Our mission is to improve lives by putting our members first, providing great service and straightforward financial solutions.
Truliant Federal Credit Union was chartered in 1952 to serve the employees of Western Electric and was known as Radio Shops Credit Union. It began serving about 2,000 members and offered credit union services in Winston-Salem, Greensboro and Burlington. Today, Truliant serves over 300,000 members with more than 30 locations across the Carolinas and Virginia, and over $4 billion in assets.
Truliant offers honest, personalized advice to make members’ financial futures brighter. We exist to help members achieve their dreams — and we often do it better than the larger, national banks. Plus, we offer the latest online and mobile banking technology that lets members manage their money and busy family schedules.
In 1946, Western Electric opened massive facilities in Winston-Salem and the Triad to produce electronics equipment. Thousands were hired, creating a need to establish credit and savings. In 1952, Fred Sarda led a group of employees to form a financial co-op to benefit workers. Radio Shops Federal Credit Union received approval for its charter at Western Electric’s Chatham Road plant in Winston-Salem. It began offering membership to employees in Greensboro, Burlington and Winston-Salem. Within three months it had 1,100 members. Legend has it the credit union’s money was first kept in a cigar box. It became North Carolina Works Federal Credit Union in 1954, adopting the “Works” name given to Western Electric’s factory network.
By the 1960s, credit unions across the United States were in the midst of a growth spurt. Membership at North Carolina Works Federal Credit Union in 1962 grew to more than 8,000 members, as Western Electric added jobs and the “branches” in its facilities to serve members. It was big enough by 1968 to be the 96th largest federal credit union in the U.S.
The 1970s saw years of record growth. The credit union began offering membership in Virginia, spreading its footprint beyond North Carolina for the first time. By 1975, North Carolina Works Federal Credit Union was the 42nd largest federal credit union in the U.S. Nearing the end of its third decade, it now had five locations in Western Electric facilities – with the main office at the Lexington Road plant – and twenty employees. It counted lifetime members, their families, and a growing membership outside the Triad in its almost 17,000 members. It was a firmly rooted local institution whose membership spanned generations.
The credit union was transformed again in the 1980s. In 1983, new administrative offices and its first branch outside of a Western Electric facility opened on Waughtown Street. The Bell System broke up, Western Electric was dissolved, and AT&T Technologies obtained its corporate charter. Reflecting this change, in 1984, North Carolina Works Federal Credit Union became AT&T Family Federal Credit Union. In the mid-1980s, it added its first Select Employee Group (SEG), which allowed new members to join from outside the original charter. Other new businesses began offering the credit union’s services, helping seed membership in southwest Virginia and the Charlotte region. As manufacturing at AT&T facilities waned, its credit union transitioned to a consumer brand. Expanded product offerings like home equity loans, VISA® credit cards and mortgage loans were introduced. By 1988, AT&T Family Federal Credit Union had 11 locations, $212 million in assets, 46,000 members, and 40 SEG groups to broaden its membership base.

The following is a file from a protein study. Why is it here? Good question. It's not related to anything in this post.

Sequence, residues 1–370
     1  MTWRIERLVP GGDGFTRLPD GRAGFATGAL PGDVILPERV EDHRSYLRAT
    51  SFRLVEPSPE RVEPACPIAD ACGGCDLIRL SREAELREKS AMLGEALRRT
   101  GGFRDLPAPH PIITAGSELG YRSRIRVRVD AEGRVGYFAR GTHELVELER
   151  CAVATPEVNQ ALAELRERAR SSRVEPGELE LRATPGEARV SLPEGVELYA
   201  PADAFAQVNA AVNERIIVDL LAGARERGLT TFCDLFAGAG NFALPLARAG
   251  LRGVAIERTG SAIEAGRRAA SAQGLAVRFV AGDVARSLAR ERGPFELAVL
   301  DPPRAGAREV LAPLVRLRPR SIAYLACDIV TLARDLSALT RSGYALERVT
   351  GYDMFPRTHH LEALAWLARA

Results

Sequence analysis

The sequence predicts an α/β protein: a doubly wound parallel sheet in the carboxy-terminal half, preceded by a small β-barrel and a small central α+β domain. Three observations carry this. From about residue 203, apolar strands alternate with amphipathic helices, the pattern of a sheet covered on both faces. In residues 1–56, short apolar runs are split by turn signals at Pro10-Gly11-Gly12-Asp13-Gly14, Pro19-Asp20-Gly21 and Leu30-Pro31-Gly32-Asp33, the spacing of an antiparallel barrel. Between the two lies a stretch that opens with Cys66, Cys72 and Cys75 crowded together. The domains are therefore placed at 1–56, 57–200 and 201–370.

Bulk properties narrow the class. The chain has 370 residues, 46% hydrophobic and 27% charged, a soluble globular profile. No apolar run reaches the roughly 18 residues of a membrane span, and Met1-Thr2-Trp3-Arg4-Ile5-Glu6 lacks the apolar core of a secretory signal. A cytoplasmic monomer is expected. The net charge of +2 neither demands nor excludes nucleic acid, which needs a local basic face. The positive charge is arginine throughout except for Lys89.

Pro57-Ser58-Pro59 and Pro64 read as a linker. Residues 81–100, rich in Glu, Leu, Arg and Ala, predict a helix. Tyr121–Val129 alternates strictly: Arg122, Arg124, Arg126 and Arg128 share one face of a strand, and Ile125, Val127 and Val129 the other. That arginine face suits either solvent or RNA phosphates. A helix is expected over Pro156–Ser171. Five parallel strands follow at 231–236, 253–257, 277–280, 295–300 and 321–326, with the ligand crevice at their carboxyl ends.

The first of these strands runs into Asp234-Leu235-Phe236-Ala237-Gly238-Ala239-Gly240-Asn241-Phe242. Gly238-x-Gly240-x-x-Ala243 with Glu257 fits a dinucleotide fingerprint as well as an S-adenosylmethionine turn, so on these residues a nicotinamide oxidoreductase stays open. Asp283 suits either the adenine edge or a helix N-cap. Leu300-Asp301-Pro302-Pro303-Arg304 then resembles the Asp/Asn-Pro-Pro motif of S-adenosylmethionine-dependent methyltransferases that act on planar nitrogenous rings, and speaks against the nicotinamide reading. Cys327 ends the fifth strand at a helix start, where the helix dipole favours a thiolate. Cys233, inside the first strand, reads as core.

The National Stage
AT&T Family Federal Credit Union continued to break new ground – literally– in the 1990s. Near the start of the decade, and now with 160 employees, the credit union built its first dedicated headquarters: a three story, 50,000 square foot office at Frontis Plaza. Between 1991 and 1994, the credit union grew from 75,500 members to 128,500 members. Banks took note of its growth, and led suit against AT&T Family’s SEG group membership expansions. A multi-year court battle followed, eventually going to the U.S. Supreme Court. On Aug. 7, 1998, the Credit Union Membership Access Act (HR1151) was signed into law by President Bill Clinton, preserving consumers’ right to choose their financial institution. A name change to Truliant, blending the words true and reliant, followed the victory. The sunburst logo was created to symbolize an enduring commitment to its members. Throughout the decade, the push forward continued with more branches and its first website. By 1999, Truliant had $800 million in assets, and served more than 550 SEG group business partners.